School board trustee Dominic Falasco was set up to secretly record a meeting with a fellow board member and the contractor who, prosecutors say, was willing to pay bribe money to win a project when he was surprised to see a third trustee already there.
“How you been, Marlene?,” he asked, according to an investigator’s report about the Feb. 2 meeting. Falasco, it says, was greeting Marlene Smith.
Smith has not been charged in the ongoing public corruption case that has embroiled the Los Banos Unified School District, resulting in felony charges being filed against trustee Tommy Jones and Greg Opinski, a prominent contractor who serves on the Merced Union High School District board.
And while investigation records indicate Smith was at Jones’ home during the meeting to discuss the contract for the multimillion-dollar project to expand Mercey Springs Elementary School, she has denied being at such a gathering.
When the school board met Sept. 8, more than a week after Jones and Opinski were arrested, trustee Dennis Areias pointedly asked Smith, on behalf of his constituents, whether she had ever met with Opinski at Jones’ home.
“She responded that she had not,” according to minutes of the Sept. 8 meeting that were approved unanimously by the board last week.
During the school board’s meeting Thursday, the 56-year-old Smith again brushed off questions about the gathering at Jones’ Los Banos home.
“I have not done anything wrong or illegal in any circumstance that would put our district at risk in any kind of way, despite what Mr. Areias has stated,” she said.
Even if she had met with someone in private, she said, that was her personal business and “it certainly wasn’t to discuss the Mercey Springs expansion.”
Smith declined to speak with the Los Banos Enterprise about her presence at the Feb. 2 meeting or her denial of such a gathering.
In an emailed response to an Enterprise inquiry Monday, Smith didn’t comment on whether she was present at the Feb. 2 meeting.
“I will leave any unanswered questions and further questions to the DA’s or the investigators if requested on this case,” Smith states in the email. “As of today, I have not spoken to anyone involving this investigation. ... I have no further comments.”
Merced County District Attorney Larry Morse II said he couldn’t discuss whether any other members of the school board are subject to the investigation or not, or any charges they may face.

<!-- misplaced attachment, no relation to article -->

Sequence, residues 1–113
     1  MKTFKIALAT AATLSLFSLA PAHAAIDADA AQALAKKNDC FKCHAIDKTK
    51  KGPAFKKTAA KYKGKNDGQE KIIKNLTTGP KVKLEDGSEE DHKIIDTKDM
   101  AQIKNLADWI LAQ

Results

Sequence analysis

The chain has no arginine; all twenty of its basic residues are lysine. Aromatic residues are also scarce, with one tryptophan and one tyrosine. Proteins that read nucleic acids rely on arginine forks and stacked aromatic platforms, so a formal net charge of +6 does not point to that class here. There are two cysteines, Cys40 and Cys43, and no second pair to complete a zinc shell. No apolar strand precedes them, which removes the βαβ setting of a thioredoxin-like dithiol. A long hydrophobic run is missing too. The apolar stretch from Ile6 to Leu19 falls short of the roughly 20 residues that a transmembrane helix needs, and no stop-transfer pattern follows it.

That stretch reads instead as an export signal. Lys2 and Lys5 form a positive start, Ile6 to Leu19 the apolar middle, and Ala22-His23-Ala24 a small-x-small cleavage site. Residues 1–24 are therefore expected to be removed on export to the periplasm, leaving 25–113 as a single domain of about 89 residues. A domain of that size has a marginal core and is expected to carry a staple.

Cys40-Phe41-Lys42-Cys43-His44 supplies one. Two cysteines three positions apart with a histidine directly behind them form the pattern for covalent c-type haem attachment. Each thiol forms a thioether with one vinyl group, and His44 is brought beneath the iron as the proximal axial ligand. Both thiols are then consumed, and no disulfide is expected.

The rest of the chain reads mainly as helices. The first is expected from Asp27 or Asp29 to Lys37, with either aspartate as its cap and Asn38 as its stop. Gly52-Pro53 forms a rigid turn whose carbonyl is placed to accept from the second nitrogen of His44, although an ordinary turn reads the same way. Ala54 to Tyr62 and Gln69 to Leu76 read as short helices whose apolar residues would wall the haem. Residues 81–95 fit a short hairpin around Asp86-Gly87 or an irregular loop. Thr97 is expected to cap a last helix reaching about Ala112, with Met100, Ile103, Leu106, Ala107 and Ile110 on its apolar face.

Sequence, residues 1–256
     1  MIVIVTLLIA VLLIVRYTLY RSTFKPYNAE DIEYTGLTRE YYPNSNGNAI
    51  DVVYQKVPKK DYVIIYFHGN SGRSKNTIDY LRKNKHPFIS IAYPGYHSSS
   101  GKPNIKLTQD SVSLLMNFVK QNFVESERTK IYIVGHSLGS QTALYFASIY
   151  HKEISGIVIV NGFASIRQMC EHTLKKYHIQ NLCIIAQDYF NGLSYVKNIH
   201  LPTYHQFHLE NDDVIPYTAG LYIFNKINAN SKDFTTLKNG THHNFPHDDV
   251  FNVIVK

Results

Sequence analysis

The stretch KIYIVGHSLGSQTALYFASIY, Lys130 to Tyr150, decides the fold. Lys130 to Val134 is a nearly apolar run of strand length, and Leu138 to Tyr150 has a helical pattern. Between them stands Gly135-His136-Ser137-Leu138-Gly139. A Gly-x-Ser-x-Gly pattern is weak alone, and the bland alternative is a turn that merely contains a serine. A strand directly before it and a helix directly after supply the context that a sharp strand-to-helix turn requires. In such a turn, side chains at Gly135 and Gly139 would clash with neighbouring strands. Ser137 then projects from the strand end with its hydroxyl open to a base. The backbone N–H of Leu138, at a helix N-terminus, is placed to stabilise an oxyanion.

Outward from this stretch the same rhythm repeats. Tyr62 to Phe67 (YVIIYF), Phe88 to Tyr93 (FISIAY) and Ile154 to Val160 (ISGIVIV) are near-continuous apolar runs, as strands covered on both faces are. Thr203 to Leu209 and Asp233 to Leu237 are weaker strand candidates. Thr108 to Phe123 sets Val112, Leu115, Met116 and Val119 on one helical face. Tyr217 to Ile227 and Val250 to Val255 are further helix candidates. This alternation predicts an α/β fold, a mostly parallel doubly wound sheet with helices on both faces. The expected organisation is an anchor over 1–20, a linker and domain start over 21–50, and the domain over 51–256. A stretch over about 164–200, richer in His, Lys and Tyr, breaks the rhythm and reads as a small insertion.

“We will follow evidence wherever it might lead us,” Morse said, noting that it was important not to compromise Opinski’s and Jones’ right to a fair trial. “We’re going to make most of our statements in courts of law going forward.”
Jones and Opinski, who have denied any wrongdoing, are scheduled to be arraigned Wednesday in Merced Superior Court.
The Merced Sun-Star and Los Banos Enterprise obtained case reports from Merced County District Attorney’s Office investigators that say Smith was at the Feb. 2 meeting with Falasco, Jones and Opinski and that the discussion included the Mercey Springs Elementary School contract.
Investigators believe Opinski shuttled $12,000 to Falasco through Jones in exchange for Falasco’s swing votes on matters favoring Opinski, including awarding his firm a $540,000 contract to expand Mercey Springs.
Falasco cooperated with the District Attorney’s Office by secretly recording conversations with Jones and Opinski.
According to a report by lead investigator Anna Hazel, Falasco agreed to meet with Opinski and Jones at Jones’ home about 7 p.m. Feb. 2. The meeting was video and audio recorded, Falasco said.
Hazel, who was positioned a block away from Jones’ home, reported that when Falasco entered the home, she could recognize Opinski’s and Jones’ voices.
“However, I could hear a female voice speaking in the background and it was not until Falasco stated, ‘How you been, Marlene’ that it became evident that a third member of the Los Banos Unified School District (LBUSD) Board, Marlene Smith, was also present inside Jones’ home,” the report states.
Falasco confirmed to Hazel that Smith was present at the meeting, according to the report.
“I was shocked when I walked in the door and saw her there,” Falasco told the Enterprise on Thursday.
The report details a conversation between the three trustees and Opinski centered around the Mercey Springs project, which was on the agenda for the Feb. 4 board meeting.
Smith is mentioned several times during the conversation.
“Jones, Falasco and Smith all agreed” they didn’t support then-Superintendent Steve Tietjen’s proposal to choose a “lease-leaseback” construction method for the project, according to the report.
In another instance, the report says Smith “was surprised” when Falasco said another trustee, John Mueller, had also expressed opposition to the method.
The report states that Opinski tried to “sell” Jones, Falasco and Smith on the “construction manager multi-prime” method, which eventually was approved with votes from the three trustees and a fourth board member, Carole Duffy.
According to the report, in addition to Opinski talking with them about other aspects of the Mercey Springs project, the remainder of the meeting was mostly Opinski drafting “exact language for the proposals he wished for Falasco and Jones to bring forward at the next meeting.”
Falasco said that, during the meeting, Smith asked about the differences between the two methods and was “more listening to what was going on.”
Vikaas Shanker: 209-826-3831, ext. 6562